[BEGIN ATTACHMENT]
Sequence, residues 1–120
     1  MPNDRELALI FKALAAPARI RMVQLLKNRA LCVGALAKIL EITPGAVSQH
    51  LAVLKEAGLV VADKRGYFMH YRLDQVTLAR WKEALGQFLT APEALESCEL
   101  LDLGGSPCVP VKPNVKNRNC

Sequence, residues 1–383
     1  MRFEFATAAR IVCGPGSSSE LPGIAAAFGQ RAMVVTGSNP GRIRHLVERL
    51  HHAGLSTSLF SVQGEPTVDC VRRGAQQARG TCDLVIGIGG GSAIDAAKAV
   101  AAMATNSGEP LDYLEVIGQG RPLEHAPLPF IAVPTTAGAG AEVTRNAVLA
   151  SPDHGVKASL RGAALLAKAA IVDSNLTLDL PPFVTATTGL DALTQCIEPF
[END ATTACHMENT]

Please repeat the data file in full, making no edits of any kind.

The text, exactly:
Sequence, residues 1–120
     1  MPNDRELALI FKALAAPARI RMVQLLKNRA LCVGALAKIL EITPGAVSQH
    51  LAVLKEAGLV VADKRGYFMH YRLDQVTLAR WKEALGQFLT APEALESCEL
   101  LDLGGSPCVP VKPNVKNRNC

Sequence, residues 1–383
     1  MRFEFATAAR IVCGPGSSSE LPGIAAAFGQ RAMVVTGSNP GRIRHLVERL
    51  HHAGLSTSLF SVQGEPTVDC VRRGAQQARG TCDLVIGIGG GSAIDAAKAV
   101  AAMATNSGEP LDYLEVIGQG RPLEHAPLPF IAVPTTAGAG AEVTRNAVLA
   151  SPDHGVKASL RGAALLAKAA IVDSNLTLDL PPFVTATTGL DALTQCIEPF